Linear Factor Models in Finance
Elsevier, Dec 1, 2004 - Business & Economics - 304 pages
The determination of the values of stocks, bonds, options, futures, and derivatives is done by the scientific process of asset pricing, which has developed dramatically in the last few years due to advances in financial theory and econometrics. This book covers the science of asset pricing by concentrating on the most widely used modelling technique called: Linear Factor Modelling.
Linear Factor Models covers an important area for Quantitative Analysts/Investment Managers who are developing Quantitative Investment Strategies. Linear factor models (LFM) are part of modern investment processes that include asset valuation, portfolio theory and applications, linear factor models and applications, dynamic asset allocation strategies, portfolio performance measurement, risk management, international perspectives, and the use of derivatives.
The book develops the building blocks for one of the most important theories of asset pricing - Linear Factor Modelling. Within this framework, we can include other asset pricing theories such as the Capital Asset Pricing Model (CAPM), arbitrage pricing theory and various pricing formulae for derivatives and option prices.
As a bare minimum, the reader of this book must have a working knowledge of basic calculus, simple optimisation and elementary statistics. In particular, the reader must be comfortable with the algebraic manipulation of means, variances (and covariances) of linear combination(s) of random variables. Some topics may require a greater mathematical sophistication.
* Covers the latest methods in this area.
* Combines actual quantitative finance experience with analytical research rigour
* Written by both quantitative analysts and academics who work in this area
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3 Misspecification in the linear pricing model
4 Bayesian estimation of risk premia in an APT context
5 Sharpe style analysis in the MSCI sector portfolios a Monte Carlo integration approach
6 Implication of the method of portfolio formation on asset pricing tests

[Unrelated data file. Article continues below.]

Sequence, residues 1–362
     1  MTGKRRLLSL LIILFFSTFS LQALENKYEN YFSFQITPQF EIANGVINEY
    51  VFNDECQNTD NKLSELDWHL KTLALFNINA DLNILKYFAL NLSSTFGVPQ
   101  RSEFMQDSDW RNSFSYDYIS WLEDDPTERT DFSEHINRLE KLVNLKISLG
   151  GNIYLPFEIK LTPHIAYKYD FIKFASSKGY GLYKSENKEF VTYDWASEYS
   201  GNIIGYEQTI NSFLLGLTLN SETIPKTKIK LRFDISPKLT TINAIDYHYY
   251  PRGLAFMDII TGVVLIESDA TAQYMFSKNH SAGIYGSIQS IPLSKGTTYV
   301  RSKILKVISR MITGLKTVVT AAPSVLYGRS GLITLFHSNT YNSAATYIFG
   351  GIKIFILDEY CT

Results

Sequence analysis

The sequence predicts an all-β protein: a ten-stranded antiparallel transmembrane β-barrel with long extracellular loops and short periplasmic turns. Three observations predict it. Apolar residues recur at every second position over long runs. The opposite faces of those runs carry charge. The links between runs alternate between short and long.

7 The small noise arbitrage pricing theory and its welfare implications
8 Risk attribution in a global countrysector model
9 Predictability of fund of hedge fund returns using DynaPorte
10 Estimating a combined linear factor model
11 Attributing investment risk with a factor analytic model
12 Making covariancebased portfolio risk models sensitive to the rate at which markets reflect new information
13 Decomposing factor exposure for equity portfolios
algorithm approach Arbitrage Pricing Theory asset returns assume assumption attributes autocorrelated average F test Bayesian beta-sorted portfolios book-to-market factor canonical CAPM coefficients conditional constraints correlation country and sector country factors covariance matrix Economics empirical equally weighted excess equation equity estimates excess market return excess return expected returns F distribution factor analysis factor exposures factor loadings factor returns Financial framework hedge fund implied volatility indices individual assets investment investors Journal of Finance kurtosis linear factor model macroeconomic managers market capitalization market factor misspecification Monte Carlo Integration MSCI multivariate F test multivariate normal distribution noncentral normal distribution p-value parameters posterior pricing errors pricing models prior problem regression residual return series risk model scaled factor sensitivity significant size-sorted portfolios skewness stochastic discount factor stock returns Table test statistics value-weighted excess market variables variance variance-covariance matrix weighted excess market zero β β
Page ii - Presenting cutting-edge research to the professional/practitioner market • Combining intellectual rigour and practical application • Covering the interaction between mathematical theory and financial practice • To improve portfolio performance, risk management and trading book performance • Covering quantitative techniques Market Brokers/Traders; Actuaries; Consultants; Asset Managers; Fund Managers; Regulators; Central Bankers; Treasury Officials; Technical Analysts; and Academics for Masters...